The Story of Rum

When is a drink not just a drink? When it plays a pivotal role in history. And perhaps no beverage has shaped broad patterns of history more significantly than rum. Find out how.

That's a lot of responsibility for one little beverage. But such was the power of rum on the 17th and early 18th centuries.

Of course, it was sugar, not rum, that Europeans were after when they first began to cultivate sugarcane in the West Indies. Christopher Columbus carried sugarcane (a giant grass native to India) to the New World. The environment of the Caribbean proved perfectly suited for growing cane, and Caribbean sugar quickly came to satisfy Europe's prodigious sweet tooth. This, then, is where our story really begins.

Converting cane into sugar is an industrial process that produces byproducts: cane juice and molasses. Caribbean islanders soon began converting these byproducts into cheap liquor, known first as Kill-Devil, then later as Rumbullion, and then simply as rum. This was powerful stuff. An early critic referred to it as "hot, hellish, and terrible."

Not much of a tagline, perhaps. But no matter, there was an eager market for rum just north of the Caribbean. In the fledgling American colonies, precious few alcoholic options existed. Wine and beer often spoiled en route from Europe. And neither beer-making grains nor wine-making grapes grew well in the soils and climate of the original colonies. Rum from the islands was cheap and plentiful. For American colonists, it was "never mind the terrible, just bring the heat!"

However, cheaper than importing barrels of rum into the colonies was simply importing molasses and then converting it into rum themselves. Soon rum distillation became a substantial part of the New England economy.

Rum's Dark Side

The story of rum is not all tiny umbrellas, cheap thrills, and challenging hangovers. It is also the story of incomparable cruelty and tremendous suffering. The Caribbean sugar industry condemned thousands of Africans to slavery in the Americas.

For a labor intensive industry, slaves ensured maximum production and maximum profits for the plantation owners. And the currency used to buy these additional slaves was rum.

Like three points of a triangle, islands of the Caribbean sent molasses to New England; in turn, New England shipped barrels of rum to Africa, where it was used to buy slaves; and finally, slaves were taken to the New World to produce more sugar and molasses, further fueling the Triangle Trade.

There's Gonna be a Rumble

In the American colonies, meanwhile, trouble was brewing with Mother England. Rum production was enriching the colonies, and the crown wanted its cut. Not only that, but much of New England's molasses was being purchased from French sugar plantations, not English, at a time when France was England's dearest enemy.

In 1733, the crown levied a tax on all molasses imported from French islands. Though the colonists mostly ignored the decree, it nevertheless began a series of conflicts over taxation between the colonies and England that would become increasingly heated and eventually result in outright rebellion. "Molasses was an essential ingredient in American independence," John Adams would later remark.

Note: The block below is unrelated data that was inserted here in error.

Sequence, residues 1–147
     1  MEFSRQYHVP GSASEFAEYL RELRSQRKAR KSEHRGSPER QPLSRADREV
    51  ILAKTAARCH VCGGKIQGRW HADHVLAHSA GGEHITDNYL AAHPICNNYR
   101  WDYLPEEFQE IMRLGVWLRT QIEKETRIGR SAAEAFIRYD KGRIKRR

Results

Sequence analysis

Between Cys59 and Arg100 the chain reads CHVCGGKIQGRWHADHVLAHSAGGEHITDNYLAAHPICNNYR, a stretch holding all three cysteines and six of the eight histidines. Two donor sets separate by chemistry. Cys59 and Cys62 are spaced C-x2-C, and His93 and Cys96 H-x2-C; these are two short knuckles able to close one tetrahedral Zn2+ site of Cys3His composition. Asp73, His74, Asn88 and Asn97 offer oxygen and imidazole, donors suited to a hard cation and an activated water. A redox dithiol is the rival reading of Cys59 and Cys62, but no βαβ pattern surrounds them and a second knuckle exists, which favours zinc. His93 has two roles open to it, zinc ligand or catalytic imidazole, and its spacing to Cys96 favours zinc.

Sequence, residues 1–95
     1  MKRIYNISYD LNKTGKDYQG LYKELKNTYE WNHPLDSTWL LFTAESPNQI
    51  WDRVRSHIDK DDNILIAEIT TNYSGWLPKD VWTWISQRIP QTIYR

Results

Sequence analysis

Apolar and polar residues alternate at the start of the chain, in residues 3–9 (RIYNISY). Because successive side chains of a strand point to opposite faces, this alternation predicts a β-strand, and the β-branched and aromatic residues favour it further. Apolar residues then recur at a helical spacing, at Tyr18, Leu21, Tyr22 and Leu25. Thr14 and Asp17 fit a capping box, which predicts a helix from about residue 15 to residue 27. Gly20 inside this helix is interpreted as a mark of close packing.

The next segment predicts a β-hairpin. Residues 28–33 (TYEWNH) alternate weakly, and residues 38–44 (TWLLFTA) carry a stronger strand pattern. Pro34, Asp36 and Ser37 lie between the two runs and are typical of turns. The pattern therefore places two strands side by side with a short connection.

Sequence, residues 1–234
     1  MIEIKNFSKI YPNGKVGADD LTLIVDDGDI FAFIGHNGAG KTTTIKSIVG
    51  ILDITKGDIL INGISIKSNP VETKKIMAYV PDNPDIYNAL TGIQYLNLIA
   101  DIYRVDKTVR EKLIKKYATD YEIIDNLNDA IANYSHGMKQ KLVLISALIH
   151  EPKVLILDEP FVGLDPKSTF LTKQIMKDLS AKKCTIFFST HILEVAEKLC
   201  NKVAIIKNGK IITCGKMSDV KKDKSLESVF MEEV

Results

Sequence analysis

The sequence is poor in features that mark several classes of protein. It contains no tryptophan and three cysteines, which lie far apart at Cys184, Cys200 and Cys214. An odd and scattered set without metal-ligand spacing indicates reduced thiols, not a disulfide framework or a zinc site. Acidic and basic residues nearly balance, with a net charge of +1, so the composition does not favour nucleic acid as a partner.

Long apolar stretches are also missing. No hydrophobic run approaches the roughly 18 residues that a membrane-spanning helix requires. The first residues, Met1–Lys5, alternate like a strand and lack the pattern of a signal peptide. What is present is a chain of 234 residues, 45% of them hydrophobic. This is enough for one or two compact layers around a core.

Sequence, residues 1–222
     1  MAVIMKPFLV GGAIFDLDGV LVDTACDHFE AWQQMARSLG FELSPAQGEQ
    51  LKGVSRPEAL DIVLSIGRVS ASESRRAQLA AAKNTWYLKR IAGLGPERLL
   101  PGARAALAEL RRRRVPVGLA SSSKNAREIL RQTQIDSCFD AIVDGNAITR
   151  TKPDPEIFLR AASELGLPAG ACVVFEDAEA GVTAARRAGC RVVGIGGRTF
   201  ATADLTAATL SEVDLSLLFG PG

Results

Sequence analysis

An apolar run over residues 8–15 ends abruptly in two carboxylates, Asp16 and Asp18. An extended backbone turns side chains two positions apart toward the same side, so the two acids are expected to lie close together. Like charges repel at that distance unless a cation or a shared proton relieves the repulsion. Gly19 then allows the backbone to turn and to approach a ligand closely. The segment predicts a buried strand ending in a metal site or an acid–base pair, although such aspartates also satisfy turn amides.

Rum and the Limeys

It was not all bad news for England. For decades, the Royal Navy had kept sailors' spirits seaworthy by plying them with rations of brandy or beer. But as rum production picked up on English islands of the Caribbean, the Royal Navy switched to the home team's tipple: rum.

Rum, of course, is more alcoholic than beer. The name rumbullion means "rowdy brawl." As melees and bad behavior undermined naval discipline, commanders soon hit upon the idea of cutting the booze with a bit of sugar and some lemon or lime juice.

The unintended genius of this move went well beyond salvaging a measure of shipboard sobriety or hitting upon a tasty new cocktail. Without knowing it, the Royal Navy had solved a problem that had been endemic to long-distance sea travel: the ravages of scurvy. The vitamin C in the citrus juice added to the rum helped stave off this wasting disease, making English sailors, the limeys, a far healthier fighting force. In 1805, the English scored a decisive victory against a combined French and Spanish force at the Battle of Trafalgar. A simple choice of refreshment might well have contributed to England's continued dominance of the seas.

Decline and Rise

The Royal Navy would continue to give rum rations until 1970. But overall, rum would begin to lose traction back in the 1800s. In America, westward expansion away from the Eastern seaboard into the heart of the continent lent itself more to whiskey production and consumption. The French Revolution led to the abandonment of slavery on humanitarian grounds. Gradually, all the nations of Europe would abandon this cruel practice. Sugar, molasses, and rum production would go into decline.

Today, however, rum is once again on the upswing. Modern rum production employs thousands of islanders and contributes to local economies. Sales of rum have been sparked by a renewed American interest in cocktails. Of all the liquors, rum is perhaps the most cocktail friendly. As the Royal Navy figured out two centuries ago, a bit of rum, a splash of lime, and a taste of something sweet makes a great drink, with or without tiny umbrellas.

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